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Carpenter ants. Big black ants? Right?

c-ants-vicinis3aNot always. One of the most common Carpenter ant species in our area is a medium sized ant with a black head and gaster (end section), but a red middle section. The red in the ‘red middle section’ can be really dark, a brick red, and sometimes so dark you can only tell its red by dropping the ant is some rubbing alcohol and holding it up to the light.

Color and size are not the best way to tell if you have carpenter ants. Shape is.

c-ants-vicinis2aThe middle section of an ant is called the thorax. In carpenter ants, the top of the thorax (the thoracic dorsum) is a fairly smooth convex. Other ants have other shapes.

Between the thorax and the last section is a small feature called a ‘node’.  Some ants have multiple nodes, some have none. Carpenter ants have a single node.

The combination of the smooth thoracic dorsum and the single node, is the characteristic professionals and biologists use to identify carpenter ants.

Another, easier way to tell if you have carpenter ants, is when you have ants of different sizes but the same shape, because most ants only come in one size ( monomorphic ). Chances are, if you have more than one size of the same ant – you have carpenter ants. Ants that come is many sizes are referred to as polymorphic.

All ants are adults and do not grow, although the end section, the gaster expands as they feed. Tiny ants do not grow up into big ants. The growth stage of ants is the larval stage, once they hatch out as a six legged, three sectioned ant – it gets no bigger.

More info on Carpenter ants.

If you have ants of any size, shape, or color – call Safeguard, we would be happy to identify your ants. For free.

 

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5 Reasons The World Will End Tomorrow Unless You Read This Post

Warning: Not reading this post may lead to headaches, blindness, diminished reason, hypertension, lack of appetite, mood swings, and open wounds. Wait, that’s playing against the Seahawks.

Yes, yes, I lied, but you clicked. As long as you are here, I present the following:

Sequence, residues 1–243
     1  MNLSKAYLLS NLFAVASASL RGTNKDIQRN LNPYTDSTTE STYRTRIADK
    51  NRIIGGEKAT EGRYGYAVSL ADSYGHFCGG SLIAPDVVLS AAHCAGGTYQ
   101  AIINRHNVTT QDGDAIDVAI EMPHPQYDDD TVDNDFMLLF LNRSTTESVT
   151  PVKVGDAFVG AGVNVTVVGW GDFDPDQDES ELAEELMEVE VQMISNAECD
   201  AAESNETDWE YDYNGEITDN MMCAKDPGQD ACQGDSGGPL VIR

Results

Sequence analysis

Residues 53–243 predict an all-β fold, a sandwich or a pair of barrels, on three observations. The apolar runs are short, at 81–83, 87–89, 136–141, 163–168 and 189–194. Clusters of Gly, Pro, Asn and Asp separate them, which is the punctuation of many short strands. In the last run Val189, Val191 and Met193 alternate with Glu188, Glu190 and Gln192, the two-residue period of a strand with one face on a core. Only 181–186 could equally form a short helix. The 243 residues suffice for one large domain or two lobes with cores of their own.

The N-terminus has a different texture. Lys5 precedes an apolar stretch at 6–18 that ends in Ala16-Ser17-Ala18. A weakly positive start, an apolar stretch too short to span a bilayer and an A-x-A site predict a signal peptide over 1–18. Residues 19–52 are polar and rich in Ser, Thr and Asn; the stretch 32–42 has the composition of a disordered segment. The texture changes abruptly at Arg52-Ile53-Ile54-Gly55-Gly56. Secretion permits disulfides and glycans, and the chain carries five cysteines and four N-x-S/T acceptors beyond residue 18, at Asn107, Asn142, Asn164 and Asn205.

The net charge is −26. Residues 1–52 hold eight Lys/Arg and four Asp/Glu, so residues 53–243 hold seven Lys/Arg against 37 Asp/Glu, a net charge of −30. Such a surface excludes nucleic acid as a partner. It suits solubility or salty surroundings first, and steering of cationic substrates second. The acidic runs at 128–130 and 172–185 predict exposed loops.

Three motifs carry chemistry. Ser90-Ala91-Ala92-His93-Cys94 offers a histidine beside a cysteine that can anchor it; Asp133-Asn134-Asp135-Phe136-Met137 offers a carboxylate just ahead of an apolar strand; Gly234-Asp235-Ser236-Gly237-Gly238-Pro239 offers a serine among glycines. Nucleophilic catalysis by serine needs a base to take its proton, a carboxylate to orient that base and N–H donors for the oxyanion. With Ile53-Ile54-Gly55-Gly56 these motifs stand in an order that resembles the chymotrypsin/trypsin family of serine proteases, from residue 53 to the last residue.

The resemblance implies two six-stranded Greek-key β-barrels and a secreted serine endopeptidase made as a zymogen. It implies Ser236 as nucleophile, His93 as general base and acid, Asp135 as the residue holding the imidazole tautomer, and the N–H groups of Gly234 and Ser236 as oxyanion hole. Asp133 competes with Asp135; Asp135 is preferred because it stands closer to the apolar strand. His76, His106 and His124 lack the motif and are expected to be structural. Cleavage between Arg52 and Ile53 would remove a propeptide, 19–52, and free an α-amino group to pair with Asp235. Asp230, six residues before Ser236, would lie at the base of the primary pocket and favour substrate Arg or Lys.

Recently, an article appeared in my newsfeed which caught my attention. It was about the use of vinegar, dish soap, and Epsom Salt to control weeds.

Like much of the pseudoscience making its way around the internet today, there are problems with this story.

Most people do not have a real grasp on toxicity. It should be understood that everything can be toxic, every component in the air we breathe and desperately need, to the naturally occurring vitamins, minerals, and other ingredients in our food, to clean pure water. We are all made of chemicals and all chemicals, in the wrong amount, or in the wrong way, can be toxic. Natural or synthetic.

One of the best written resources on toxicology: Canadian Centre for Occupational Health and Safety

Vinegar will kill it weeds, it is very mildly toxic to mammals, and carries very little risk. However, symptoms of over exposure may include: irritation, itching, gastrointestinal upset, possible mutagenic and reproductive effects, dermatitis, weight loss, liver impairment, convulsions, breathing difficulties. This is not to say it doesn’t make a great salad dressing or marinade – just that too much of anything is not good.

Dish soap is as acutely toxic to swallow as your average pesticide. Although your average pesticide is likely to cause other deleterious problems short of the toxic threshold. Which is why you shouldn’t drink dish soap, and you should rinse your dishes completely, and no, trace amounts of it are not likely to cause you health problems. Very little of it soaks into your skin when you use it.

Epsom Salt is another matter.

There have been reported deaths from the use of Epsom Salt. Epsom Salt is magnesium sulfate, a trace element your body needs, in very small quantities. So while it is beneficial, it is more acutely toxic than any pesticide I use. Most deaths have occurred from people taking too much of the material as a laxative or putting too much of the material into a solution used as an enema. Although, if you have kidney or liver problems – you shouldn’t use Epsom Salt at all without running it past your doctor first.

While the solution proposed above is less toxic than Round-Up, I would be very careful to use and handle it as you would any other pesticide. Use and store it in a way that keeps pets and children safe. Also, understand that if it drips, or drifts onto other plants – they will die. Something to think about if you intend to spray all the weeds around your prize roses.